Friday, March 4, 2011


Well, now the silly pageantry of Oscar night is over. I’d hoped for something remarkable and unexpected, but instead there were uncharming hosts and predictable (if often well-deserved) awards. What lingers most for me was the In Memoriam section of the evening, hailing the movie legends who left us last year.

How moving to see photos of director Arthur Penn and film editor Dede Allen. Not long ago, I interviewed them both regarding Bonnie and Clyde. Both the feisty Allen and the gentle, thoughtful Penn were a delight. I’m lucky to have spent those hours in their company. (That's my snapshot of Penn at his art-filled home, above.)

What made me saddest, though, was the moment when there flashed on screen a photo of director George Hickenlooper. George died suddenly, and much too young, at age 47. I considered George a colleague and a friend. Like me, he began with Roger Corman. In George’s case, there was a brief stint as production assistant on a juicy little thriller called The Drifter (1988). Then with Hearts of Darkness, his documentary on the making of Apocalypse Now, George started gaining major attention. His reputation built as he made feature films like The Man from Elysian Fields and last year’s Casino Jack, a telling of the Jack Abramoff saga (starring Kevin Spacey) that was released after his death.

But I’ll always remember George for his grace under pressure. It was a few days after L.A. had emerged from the bloody civil disturbances of 1992. Roger Corman, who loves movies “ripped from the headlines,” had summoned the press, announcing that his new film would lay bare all the causes and effects of those dark days. He introduced George as his writer-director. As the news media waited expectantly, Roger turned to George, saying, “Tell them about your movie.” George had come into the office for a simple business meeting, and there was as yet no story. But he had to say SOMETHING.

Noticing a video camera in someone’s hands, he had a moment of inspiration. His film, he announced, would follow the path of a video camera as it moved from hand to hand through the L.A. streets, picking up all the chaos that the riots engendered. The newsmen were impressed, and went away to file their stories. We on the Corman creative team went to work—until Roger suddenly lost interest in the riots as a film topic. Spielberg was shooting Jurassic Park, and we were redirected to a new project: Carnosaur.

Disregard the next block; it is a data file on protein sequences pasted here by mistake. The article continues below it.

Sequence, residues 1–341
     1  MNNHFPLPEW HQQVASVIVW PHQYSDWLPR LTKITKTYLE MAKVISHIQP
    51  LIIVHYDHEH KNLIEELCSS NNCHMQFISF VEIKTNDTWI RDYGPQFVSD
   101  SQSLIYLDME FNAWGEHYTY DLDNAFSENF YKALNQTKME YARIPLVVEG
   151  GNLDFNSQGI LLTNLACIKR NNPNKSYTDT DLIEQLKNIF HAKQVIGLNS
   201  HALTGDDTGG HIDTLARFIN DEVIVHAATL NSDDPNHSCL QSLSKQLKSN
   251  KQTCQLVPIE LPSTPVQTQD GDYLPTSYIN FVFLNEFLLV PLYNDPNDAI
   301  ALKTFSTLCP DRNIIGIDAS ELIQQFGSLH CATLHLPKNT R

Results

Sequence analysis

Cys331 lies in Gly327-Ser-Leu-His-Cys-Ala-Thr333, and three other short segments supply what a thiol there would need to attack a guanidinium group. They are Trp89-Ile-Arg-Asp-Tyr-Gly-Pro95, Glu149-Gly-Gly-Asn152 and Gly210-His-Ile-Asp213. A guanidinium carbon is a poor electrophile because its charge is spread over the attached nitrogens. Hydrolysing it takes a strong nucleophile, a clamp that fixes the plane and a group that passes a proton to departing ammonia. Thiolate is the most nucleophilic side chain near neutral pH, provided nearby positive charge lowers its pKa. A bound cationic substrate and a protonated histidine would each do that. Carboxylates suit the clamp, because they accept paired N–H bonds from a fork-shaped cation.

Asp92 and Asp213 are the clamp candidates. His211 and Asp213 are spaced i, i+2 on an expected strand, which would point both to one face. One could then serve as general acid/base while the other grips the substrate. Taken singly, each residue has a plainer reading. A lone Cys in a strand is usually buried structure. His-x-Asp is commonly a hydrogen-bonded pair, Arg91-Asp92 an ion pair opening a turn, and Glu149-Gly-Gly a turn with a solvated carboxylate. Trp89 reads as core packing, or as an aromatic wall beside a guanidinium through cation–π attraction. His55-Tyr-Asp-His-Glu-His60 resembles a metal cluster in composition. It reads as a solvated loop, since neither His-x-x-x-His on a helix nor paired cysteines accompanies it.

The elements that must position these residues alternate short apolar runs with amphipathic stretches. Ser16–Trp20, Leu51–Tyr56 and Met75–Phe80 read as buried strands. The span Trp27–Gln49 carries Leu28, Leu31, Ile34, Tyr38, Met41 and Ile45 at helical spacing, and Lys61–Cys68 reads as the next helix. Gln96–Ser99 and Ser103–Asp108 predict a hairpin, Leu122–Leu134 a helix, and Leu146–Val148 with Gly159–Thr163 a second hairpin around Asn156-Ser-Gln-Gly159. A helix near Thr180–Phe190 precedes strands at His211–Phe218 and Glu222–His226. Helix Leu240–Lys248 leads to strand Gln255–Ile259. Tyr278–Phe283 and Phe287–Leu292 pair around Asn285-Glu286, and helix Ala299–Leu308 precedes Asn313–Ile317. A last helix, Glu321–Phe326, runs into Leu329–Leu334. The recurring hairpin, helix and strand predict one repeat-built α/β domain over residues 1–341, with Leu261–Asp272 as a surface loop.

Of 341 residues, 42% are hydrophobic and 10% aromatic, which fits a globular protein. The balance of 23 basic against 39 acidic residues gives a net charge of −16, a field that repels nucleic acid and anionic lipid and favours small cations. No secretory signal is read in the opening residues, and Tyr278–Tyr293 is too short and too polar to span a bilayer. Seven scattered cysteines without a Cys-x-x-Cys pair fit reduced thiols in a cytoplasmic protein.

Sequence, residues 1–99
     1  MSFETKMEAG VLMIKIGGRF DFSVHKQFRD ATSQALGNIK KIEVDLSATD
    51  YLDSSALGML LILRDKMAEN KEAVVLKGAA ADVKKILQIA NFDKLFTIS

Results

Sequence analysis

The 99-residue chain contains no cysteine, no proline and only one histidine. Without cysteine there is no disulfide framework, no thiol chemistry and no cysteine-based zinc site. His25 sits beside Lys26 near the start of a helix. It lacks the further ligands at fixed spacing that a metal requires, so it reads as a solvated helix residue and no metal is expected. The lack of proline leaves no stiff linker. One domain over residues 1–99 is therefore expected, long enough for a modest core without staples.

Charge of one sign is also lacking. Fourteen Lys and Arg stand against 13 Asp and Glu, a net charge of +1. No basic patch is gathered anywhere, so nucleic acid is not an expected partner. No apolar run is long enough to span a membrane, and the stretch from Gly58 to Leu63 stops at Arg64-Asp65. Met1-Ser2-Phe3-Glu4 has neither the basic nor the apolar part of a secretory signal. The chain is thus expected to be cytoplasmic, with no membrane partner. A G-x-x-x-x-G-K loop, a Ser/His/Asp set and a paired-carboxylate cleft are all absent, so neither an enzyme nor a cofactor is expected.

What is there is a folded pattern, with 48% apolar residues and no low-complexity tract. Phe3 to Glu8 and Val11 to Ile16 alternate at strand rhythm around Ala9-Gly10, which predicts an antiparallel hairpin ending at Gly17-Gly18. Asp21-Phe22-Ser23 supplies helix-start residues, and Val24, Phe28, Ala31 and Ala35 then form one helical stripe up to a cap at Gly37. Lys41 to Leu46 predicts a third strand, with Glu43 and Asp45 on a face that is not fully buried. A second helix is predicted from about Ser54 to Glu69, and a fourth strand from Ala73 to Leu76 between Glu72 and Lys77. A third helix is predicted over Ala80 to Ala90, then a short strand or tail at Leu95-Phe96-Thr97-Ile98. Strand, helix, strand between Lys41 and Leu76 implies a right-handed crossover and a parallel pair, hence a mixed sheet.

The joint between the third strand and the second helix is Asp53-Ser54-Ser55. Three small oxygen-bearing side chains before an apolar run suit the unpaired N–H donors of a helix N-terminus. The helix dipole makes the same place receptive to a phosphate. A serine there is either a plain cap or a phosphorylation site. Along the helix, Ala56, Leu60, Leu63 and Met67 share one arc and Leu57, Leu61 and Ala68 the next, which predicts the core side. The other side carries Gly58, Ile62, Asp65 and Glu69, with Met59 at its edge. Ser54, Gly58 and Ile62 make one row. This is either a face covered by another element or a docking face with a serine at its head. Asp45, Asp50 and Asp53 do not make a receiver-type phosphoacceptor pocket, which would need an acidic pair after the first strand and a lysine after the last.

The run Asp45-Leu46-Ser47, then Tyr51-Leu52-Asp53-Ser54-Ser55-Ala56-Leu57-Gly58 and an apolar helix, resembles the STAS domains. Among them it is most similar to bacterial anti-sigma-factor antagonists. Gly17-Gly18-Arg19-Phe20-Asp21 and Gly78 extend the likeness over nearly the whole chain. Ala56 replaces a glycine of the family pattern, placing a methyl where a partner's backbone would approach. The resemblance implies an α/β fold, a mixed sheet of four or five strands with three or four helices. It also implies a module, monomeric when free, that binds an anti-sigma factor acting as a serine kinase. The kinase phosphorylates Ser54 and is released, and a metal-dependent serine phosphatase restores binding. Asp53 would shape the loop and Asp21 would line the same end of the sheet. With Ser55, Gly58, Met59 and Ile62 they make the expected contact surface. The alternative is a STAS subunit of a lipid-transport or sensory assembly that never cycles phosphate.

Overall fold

1. It's a shame -- I would have liked to see the movie that came out of Hickenlooper's video camera idea.

  2. The unfinished script (written by three young men of different backgrounds under George's guidance)was really promising, though of course the whole notion of capturing the true scope of the riots in a low-budget quickie film was a complete fantasy on Roger's part.

  3. I am always amazed though, at how Mr. Corman does pull off this kind of movie now and again - War of the Satellites on screen 60 days after the launch of Sputnik; and some action/spy film he had made in Germany with footage of the Berlin Wall coming down. I'm kind of surprised this one didn't go through. Here's a weird parallel - the night those riots were going on over on the West Coast in the spring of 1992, I was on the East Coast shooting a riot scene for the movie Amos & Andrew (Nicolas Cage/Samuel L. Jackson) involving African American protestors outside Sam Jackson's house. It was eerie to go home from that and see the real thing happening 3000 miles away.

  4. Yes, this must have been quite shocking and disturbing. Roger occasionally claimed he had genuine footage taken on the scene of civil unrest and natural disasters. I assure you -- he didn't send a camera crew out in the thick of the L.A. riots, though of course he swore he had done exactly that. Even Roger wouldn't have put people's lives at risk under those circumstances! (By the way, Craig, my curiosity has gotten the better of me. What did you do on "Amos & Andrew"?)

  5. I was only an extra in Amos & Andrew - playing the role of a TV cameraman covering the civil unrest outside Samuel L. Jackson's home in the movie. However, I gained enough connections from those three weeks of work to lead to 10 years in the industry as a production assistant and assistant director.